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First Annual "European Week of Sport" Launches Next Week

Physical activity is declning in Europe, with over half of European adults reporting they seldom or never engage in exercise or sport. Exercise is on the decline among children as well - children in Europe are less active at age 15 than at age 11 and child obesity is climbing. Yet the benefits of an active lifestyle are well documented - improved health and happiness, better academic performance, lower health costs, and more productivity at work, to name a few. 

European Week of Sport

In hopes of reversing this trend, the European Union is promotiong the first annual "European Week of Sport" using the hashtag #BeActive.

"The European Week of Sport aims to promote sport and physical activity across Europe. The Week is for everyone, regardless of age, background or fitness level. With a focus on grassroots initiatives, it will inspire Europeans to #BeActive on a regular basis and create opportunities in peoples’ everyday lives to exercise more."

European Week of Sport runs September 7th - 13th and focuses on four areas in which physical activity can be encouraged and enjoyed:

  • Education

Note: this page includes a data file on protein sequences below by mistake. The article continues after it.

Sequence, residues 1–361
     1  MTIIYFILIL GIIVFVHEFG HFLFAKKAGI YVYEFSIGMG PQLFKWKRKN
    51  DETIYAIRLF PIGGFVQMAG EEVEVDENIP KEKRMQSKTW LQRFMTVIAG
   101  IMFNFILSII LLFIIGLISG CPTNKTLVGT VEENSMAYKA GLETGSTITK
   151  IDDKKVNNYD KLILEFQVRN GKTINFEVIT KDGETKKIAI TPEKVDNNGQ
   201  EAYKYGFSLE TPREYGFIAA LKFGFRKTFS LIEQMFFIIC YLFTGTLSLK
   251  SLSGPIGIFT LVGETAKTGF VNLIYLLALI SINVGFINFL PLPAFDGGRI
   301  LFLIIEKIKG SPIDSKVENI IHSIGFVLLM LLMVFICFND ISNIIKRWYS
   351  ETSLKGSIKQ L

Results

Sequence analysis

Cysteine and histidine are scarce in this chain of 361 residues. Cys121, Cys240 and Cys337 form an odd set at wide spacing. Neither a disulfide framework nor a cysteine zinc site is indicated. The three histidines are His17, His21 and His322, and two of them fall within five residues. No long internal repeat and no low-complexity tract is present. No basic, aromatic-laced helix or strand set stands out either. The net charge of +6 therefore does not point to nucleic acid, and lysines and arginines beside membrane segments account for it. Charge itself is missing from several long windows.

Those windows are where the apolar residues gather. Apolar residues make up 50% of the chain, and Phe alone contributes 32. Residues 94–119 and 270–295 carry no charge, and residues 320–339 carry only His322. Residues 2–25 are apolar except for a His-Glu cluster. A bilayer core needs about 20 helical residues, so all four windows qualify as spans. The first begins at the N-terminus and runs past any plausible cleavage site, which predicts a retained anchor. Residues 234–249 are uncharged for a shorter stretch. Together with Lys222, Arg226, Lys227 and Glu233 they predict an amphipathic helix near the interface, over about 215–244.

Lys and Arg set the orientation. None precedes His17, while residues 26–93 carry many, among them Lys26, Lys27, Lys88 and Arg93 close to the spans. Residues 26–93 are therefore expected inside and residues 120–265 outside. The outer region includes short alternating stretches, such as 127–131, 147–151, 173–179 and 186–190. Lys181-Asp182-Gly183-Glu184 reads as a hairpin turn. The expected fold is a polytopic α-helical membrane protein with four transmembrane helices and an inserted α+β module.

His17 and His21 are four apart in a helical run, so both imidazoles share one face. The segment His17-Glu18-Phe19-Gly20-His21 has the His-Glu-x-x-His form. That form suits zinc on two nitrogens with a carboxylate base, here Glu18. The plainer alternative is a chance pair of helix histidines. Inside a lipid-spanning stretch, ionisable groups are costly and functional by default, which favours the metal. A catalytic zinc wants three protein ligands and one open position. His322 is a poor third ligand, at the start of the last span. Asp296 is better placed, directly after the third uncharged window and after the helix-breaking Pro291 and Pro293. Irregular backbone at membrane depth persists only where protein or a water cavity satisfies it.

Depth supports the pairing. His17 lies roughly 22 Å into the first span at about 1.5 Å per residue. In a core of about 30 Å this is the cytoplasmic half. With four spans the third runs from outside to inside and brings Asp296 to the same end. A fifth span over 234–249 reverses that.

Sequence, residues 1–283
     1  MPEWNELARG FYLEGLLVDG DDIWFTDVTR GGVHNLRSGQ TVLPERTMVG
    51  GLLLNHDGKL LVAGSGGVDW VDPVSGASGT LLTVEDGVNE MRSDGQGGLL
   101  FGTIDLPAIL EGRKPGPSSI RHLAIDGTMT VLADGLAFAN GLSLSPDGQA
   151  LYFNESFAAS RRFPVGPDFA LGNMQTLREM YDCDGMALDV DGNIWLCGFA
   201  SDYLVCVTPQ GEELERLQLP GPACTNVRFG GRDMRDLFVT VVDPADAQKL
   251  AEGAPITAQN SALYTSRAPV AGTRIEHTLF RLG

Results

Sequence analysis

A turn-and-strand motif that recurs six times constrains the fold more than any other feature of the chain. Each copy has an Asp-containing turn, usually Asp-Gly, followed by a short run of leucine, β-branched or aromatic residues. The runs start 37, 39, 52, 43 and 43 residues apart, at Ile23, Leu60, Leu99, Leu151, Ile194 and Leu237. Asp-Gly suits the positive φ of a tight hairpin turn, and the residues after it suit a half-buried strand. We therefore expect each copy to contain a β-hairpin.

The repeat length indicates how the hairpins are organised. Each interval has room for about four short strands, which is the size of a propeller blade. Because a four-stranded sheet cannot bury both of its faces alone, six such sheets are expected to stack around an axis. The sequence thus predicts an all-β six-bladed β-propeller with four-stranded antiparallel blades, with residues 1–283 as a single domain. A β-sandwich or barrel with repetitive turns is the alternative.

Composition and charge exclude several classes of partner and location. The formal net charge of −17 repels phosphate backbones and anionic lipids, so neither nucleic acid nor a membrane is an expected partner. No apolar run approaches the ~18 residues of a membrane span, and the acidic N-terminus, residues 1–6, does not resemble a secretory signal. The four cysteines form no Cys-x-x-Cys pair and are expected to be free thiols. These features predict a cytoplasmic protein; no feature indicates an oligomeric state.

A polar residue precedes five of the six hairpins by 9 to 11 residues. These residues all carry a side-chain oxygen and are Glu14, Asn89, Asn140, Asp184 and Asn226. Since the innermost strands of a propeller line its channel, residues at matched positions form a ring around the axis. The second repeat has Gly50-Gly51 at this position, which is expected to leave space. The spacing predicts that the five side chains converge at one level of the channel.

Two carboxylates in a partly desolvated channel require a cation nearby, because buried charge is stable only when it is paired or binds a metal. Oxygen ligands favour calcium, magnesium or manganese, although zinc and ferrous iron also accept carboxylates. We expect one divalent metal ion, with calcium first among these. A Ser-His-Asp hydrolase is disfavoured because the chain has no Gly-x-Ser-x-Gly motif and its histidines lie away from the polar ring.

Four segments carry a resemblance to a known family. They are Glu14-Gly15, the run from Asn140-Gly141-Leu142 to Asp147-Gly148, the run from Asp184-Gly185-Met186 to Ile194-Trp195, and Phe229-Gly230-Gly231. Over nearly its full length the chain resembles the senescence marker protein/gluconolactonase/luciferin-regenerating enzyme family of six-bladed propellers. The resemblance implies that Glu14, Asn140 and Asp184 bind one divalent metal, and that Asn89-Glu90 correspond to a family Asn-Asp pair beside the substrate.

• Workplace
  • The Great Outdoors
  • Sport and Fitness Centers
  • As part of this focus, European Week of Sport recognzes the importance of health and fitness clubs in the fight to increase physical activity. 

    "Sport clubs and fitness centres play an important role in providing opportunities for people to be active by offering equipment, games and classes in safe, fun and engaging settings." 

    Learn more about European Week of Sport. 

    Get Involved

    This initiative presents a great opportunity for IHRSA clubs to promote their facility and use the buzz to attract business. Clubs hosting an event in conjunction with European Week of Sport can register the event on their website.


    A weeklong promotion can encourage people to try a new type of exercise or recommit to a former routine, long term maintenance can be more difficult. IHRSA launched the #WhyGetActive campaign —which revolves around everyday people sharing their answers on social media to the question, “Why do you Get Active?” – in 2014 to provide a platform for sharing individual motivations and encouraging inactive people to find their own. The goal of the campaign is to elevate the discussion surrounding the many, many reasons to puruse an active healthy lifestyle. 

    To learn more visit ihrsa.org/whygetactive.


    28 Recommendations on How to Encourage Physical Activity in Schools

    On August 26, the Expert Group on Health-Enhancing Physical Activity (HEPA) published its 28 recommendations on how to encourage physical education in schools. These recommendations, which include supporting evidence and relevant research, have been proposed and addressed to national governments, sport organizations and the private sector.

    These recommendations will be taken up by the Council of the EU in the second half of 2015, under the Luxembourg Presidency, as part of the priorities for sport aimed at promoting physical and motor activity, especially during early childhood.

    Of the 28 recommendations, two are particularly applicable to the health club industry - recommending that schools form cooperative frameworks and partnerships with sport organizations (including health clubs.)